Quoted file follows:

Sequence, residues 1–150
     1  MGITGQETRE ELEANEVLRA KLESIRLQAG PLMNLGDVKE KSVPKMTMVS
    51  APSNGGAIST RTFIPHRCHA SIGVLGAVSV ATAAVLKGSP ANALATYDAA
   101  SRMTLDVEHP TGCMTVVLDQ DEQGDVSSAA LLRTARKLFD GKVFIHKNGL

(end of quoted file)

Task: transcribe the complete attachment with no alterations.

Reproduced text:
Sequence, residues 1–150
     1  MGITGQETRE ELEANEVLRA KLESIRLQAG PLMNLGDVKE KSVPKMTMVS
    51  APSNGGAIST RTFIPHRCHA SIGVLGAVSV ATAAVLKGSP ANALATYDAA
   101  SRMTLDVEHP TGCMTVVLDQ DEQGDVSSAA LLRTARKLFD GKVFIHKNGL